Mesothelial cells are flat cells that produce a small amount of lubricating fluid. A layer of mesothelial cells form a membrane that lines body cavities and covers the outer surface of most of the body’s internal organs. The lining formed by the mesothelial cells is called the mesothelium or mesothelial membrane.
The mesothelium commonly lines the inside of the chest, the abdomen and the space around the heart (pericardium). Malignant mesothelioma most commonly starts in mesothelial cells in the pleura, followed by the peritoneum.
The body has 2 pleural cavities in the chest, and each cavity contains a lung. The cavities are lined with a mesothelial membrane called the pleura or pleural membrane. The pleura is made up of 2 continuous layers:
The area between the 2 layers of pleura is called the pleural space. There is normally only a small amount of fluid in the pleural space.
Blood vessels, bronchi, nerves and the pleura come together at the entrance of the lung, called the hilum. Bronchopulmonary lymph nodes, which help drain lymph fluid from the lungs, are located here. The neck and chest contain many other lymph nodes that also help drain lymph fluid from the lungs and other structures in the chest:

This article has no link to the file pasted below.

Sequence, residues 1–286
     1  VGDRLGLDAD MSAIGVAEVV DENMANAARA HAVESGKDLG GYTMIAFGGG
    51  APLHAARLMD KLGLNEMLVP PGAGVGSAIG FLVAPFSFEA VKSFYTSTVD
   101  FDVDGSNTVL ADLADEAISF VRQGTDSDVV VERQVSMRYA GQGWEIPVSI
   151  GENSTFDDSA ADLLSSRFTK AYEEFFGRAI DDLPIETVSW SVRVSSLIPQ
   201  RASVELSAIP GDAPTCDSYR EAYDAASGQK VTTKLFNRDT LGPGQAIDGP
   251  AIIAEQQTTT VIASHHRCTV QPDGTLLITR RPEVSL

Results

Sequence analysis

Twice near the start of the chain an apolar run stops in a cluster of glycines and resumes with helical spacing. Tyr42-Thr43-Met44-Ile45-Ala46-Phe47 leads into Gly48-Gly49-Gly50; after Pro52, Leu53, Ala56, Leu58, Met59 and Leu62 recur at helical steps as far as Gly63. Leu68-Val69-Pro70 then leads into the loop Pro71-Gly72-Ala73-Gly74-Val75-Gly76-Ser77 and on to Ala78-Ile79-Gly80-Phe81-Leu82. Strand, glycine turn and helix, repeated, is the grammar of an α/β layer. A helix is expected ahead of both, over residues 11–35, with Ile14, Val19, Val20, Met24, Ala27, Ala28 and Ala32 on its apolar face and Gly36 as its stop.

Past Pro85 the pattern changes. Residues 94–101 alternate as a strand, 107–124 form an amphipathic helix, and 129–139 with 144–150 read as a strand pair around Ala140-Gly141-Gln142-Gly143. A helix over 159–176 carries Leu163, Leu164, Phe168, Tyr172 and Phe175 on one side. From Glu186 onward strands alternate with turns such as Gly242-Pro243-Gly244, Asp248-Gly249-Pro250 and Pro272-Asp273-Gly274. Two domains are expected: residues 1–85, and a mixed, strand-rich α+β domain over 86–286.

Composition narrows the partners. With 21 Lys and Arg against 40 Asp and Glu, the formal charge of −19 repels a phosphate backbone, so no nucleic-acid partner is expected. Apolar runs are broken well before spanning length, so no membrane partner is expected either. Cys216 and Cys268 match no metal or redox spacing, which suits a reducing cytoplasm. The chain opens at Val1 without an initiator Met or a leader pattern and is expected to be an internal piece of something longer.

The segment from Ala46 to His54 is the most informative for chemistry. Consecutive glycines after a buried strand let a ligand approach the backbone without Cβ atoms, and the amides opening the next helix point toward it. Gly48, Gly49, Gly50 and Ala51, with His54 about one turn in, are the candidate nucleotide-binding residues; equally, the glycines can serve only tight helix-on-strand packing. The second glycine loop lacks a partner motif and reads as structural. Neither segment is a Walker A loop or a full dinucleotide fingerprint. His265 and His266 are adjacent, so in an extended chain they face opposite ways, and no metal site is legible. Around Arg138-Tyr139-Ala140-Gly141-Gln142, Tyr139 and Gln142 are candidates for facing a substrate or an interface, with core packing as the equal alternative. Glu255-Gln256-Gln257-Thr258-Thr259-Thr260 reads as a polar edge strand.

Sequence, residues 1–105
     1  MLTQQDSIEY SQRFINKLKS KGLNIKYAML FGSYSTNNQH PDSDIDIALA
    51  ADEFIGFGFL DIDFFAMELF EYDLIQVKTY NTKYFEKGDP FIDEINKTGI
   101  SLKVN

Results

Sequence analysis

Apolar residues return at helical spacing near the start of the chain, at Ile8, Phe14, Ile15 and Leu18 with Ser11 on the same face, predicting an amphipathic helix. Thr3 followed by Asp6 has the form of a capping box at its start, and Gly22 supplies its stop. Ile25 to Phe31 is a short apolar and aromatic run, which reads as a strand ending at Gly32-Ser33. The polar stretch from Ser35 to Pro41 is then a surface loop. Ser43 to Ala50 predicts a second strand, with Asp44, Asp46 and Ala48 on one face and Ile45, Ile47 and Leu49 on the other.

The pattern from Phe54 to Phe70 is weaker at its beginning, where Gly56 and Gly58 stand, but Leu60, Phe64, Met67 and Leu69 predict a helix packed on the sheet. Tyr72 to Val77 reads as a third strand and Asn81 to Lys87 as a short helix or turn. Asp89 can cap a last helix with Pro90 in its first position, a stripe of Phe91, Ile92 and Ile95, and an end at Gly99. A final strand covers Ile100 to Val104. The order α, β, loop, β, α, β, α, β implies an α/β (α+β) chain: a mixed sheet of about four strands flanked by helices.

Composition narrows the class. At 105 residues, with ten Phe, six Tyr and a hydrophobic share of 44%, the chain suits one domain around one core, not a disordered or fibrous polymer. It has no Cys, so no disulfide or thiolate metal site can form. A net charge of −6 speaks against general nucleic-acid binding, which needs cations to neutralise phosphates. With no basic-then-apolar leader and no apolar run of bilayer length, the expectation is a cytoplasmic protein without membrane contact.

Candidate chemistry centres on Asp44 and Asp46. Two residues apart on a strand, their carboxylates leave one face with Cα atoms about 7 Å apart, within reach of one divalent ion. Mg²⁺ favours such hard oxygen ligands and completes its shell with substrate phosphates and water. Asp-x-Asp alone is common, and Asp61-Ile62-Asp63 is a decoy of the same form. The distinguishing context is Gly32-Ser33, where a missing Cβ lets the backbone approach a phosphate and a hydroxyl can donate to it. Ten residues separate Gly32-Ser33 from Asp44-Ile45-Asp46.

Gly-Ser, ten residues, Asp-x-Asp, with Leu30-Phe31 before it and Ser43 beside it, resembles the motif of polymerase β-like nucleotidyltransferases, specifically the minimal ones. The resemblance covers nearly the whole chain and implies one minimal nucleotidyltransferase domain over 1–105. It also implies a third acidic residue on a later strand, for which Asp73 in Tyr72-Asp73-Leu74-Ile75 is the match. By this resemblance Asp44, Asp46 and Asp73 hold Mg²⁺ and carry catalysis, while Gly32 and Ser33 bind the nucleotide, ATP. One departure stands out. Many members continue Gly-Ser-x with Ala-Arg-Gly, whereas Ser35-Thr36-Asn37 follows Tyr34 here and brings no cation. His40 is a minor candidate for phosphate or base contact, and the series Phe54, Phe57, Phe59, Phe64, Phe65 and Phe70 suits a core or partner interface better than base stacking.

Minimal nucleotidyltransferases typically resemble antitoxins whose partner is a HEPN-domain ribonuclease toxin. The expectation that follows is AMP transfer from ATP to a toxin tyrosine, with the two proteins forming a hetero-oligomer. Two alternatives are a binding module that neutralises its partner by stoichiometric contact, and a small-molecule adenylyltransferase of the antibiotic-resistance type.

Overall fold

The mesothelial membrane that covers the abdominal organs and lines the abdominal and pelvic walls is called the peritoneum. The peritoneum is made up of 2 layers:
A narrow fluid-filled space separates the parietal peritoneum from the visceral peritoneum.
The mesothelial membranes help protect organs by making a special lubricating fluid that allows the organs to move around.
The pleura help protect and cushion the lungs. The lubricating fluid that fills the pleural space allows the 2 layers of the pleura to slide easily over each other and makes it easier for the lungs to move inside the chest when we breathe.
The peritoneum helps protect the organs in the abdomen and keeps them in place. It also makes a lubricating fluid that helps organs move smoothly against each other inside the abdomen as we move around.